But then it happened, just as it had countless times before in Orlando. A B-52 descended, falling out of the sky, coming in for a landing at the McCoy Air Force Base. Part of the old Strategic Air Command, they always kept some up in the air, around the clock, just in case the Commies launched a sneak attack, first strike, we would have the planes loaded with hydrogen bombs up in the air . . . to strike. To retaliate! To kill!
You may think you have heard a loud jet take off or land near some airport, flying close overhead. But I assure you, you have not. The B-52 had four monster twin-engines generating enough thrust to catapult the largest jet plane with the biggest payload to ever fall from the sky. They don’t call it the Stratofortress for nothing, capable of carrying and delivering a 70,000 pound payload to the sleeping enemy below its 50,000 foot ceiling.
Standing next to her in the backyard, she is screaming in my ear, but I cannot hear her, as the white clouds are blotted out by America’s last line of D E F E N S E.
My mind stopped in its tracks, I swallowed my desire.
It’s all the same and connected—the B-52 above, the tiny green frog, borne yesterday, below. Each allows for and creates the other. When it becomes this extreme and too far out of balance, then each one turns into the destruction of the other. The world can’t juggle B-52s above and tiny frogs below, keep them both hopping through the air.
I know McCoy closed and the B-52s that were once there are gone. The SAC airbase became a regular commercial airport to fly folks in and out of Walt Disney World. Did the green frogs win that one, or are they gone too? I vowed never to return to Florida, so, I can’t say.
Next day, I called mom and told her I wanted to come home. Mom had moved back to Chicago to live with her mother, both widowed. I would sleep on the couch in their small apartment on West Cullom Avenue, oddly enough, the same street my parents lived on when I was born. But like a Ulysses, one can never go home. And what was home? Pittsburgh? Penn State? Boulder? Chicago?
Mom wired money to Orlando for a one-way ticket from Miami International to O’Hare.
A couple days later, the rednecks drove me to Miami and even stuck around to see me off.
There was nothing left for me to do. I had pushed it all the way to the end and had nothing but my weird stories and a crazy, peeling tan to show for it.
When I landed in Chicago at the end of March, it was still winter. Filthy snow hung around on the ground, matching the drawn, chalk-white faces.
My grandmother looked on me with quizzical contempt. The Swedish Matriarch was not pleased.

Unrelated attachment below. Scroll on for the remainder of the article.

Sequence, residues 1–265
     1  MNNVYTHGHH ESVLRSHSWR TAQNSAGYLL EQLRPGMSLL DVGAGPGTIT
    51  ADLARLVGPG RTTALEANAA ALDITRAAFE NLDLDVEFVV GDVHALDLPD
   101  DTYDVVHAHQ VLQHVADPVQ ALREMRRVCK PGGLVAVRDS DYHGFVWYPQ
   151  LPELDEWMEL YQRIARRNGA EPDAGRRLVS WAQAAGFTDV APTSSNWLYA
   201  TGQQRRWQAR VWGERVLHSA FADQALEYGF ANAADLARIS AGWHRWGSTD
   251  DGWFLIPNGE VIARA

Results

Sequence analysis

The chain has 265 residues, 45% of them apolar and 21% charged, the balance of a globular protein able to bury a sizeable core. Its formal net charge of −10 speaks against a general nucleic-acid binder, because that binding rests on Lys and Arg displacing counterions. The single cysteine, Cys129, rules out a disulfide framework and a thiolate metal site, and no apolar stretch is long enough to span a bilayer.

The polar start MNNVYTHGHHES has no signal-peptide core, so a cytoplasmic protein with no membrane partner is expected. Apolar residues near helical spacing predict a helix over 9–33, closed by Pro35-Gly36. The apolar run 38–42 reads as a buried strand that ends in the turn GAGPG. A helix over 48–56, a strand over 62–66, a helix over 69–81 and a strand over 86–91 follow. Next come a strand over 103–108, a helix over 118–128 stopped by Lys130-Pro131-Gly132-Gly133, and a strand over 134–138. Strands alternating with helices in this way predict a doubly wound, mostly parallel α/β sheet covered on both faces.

I took a job distributing leaflets, hanging them on people’s doors, or sticking them under their car’s wipers. Christ, I was depressed, lower than a tiny green frog trampled underfoot of the giant.
One miserable, cold afternoon, I was trudging across the Dan Ryan Expressway overpass, lugging my twenty-five pounds of door-to-door leaflets.
I lifted up my satchel and dumped a thousand 5 X 8 leaflets down on the rush hour traffic—eight lanes backed up to the Loop—the new reality we would march into. I dropped the A-bomb on it all, y’all.
A few days later, I took my first and last leafletting check and bought a one-way ticket to Denver.
I told mom it would be okay. I would get a job, a room to rent. I wouldn’t be living on the streets..
Mom was worried and scared, so she gave me about a hundred bucks, all she could spare, to pad my bankroll.
Gram was relieved. “You going back to school?” was the only way she could figure it.
“Maybe, I don’t know, “ I shrugged.
I bought an Army surplus backpack and stuffed my handful of clothes inside. I had landed in Chicago wearing just my Jamaican shirt, blue corduroys, and favorite flip-flops. I’d been wearing these same clothes for over a month.
But mom had taken me shopping for shoes, socks, underwear, tee shirts, a few shirts, pants and a jacket!
I still had some stuff in storage back at the cowboy hotel on Pearl Street, I hoped, I prayed. And now I had enough to pay for a room for a month and buy some food—rice and beans, follow my breath—till I landed a job.
I think maybe the sky loved me a little more, or I asked for more love from its clouds and colors back then. And it complied. Why? I still don’t know. I’ve never felt so small and great at the same time like did in those strange days.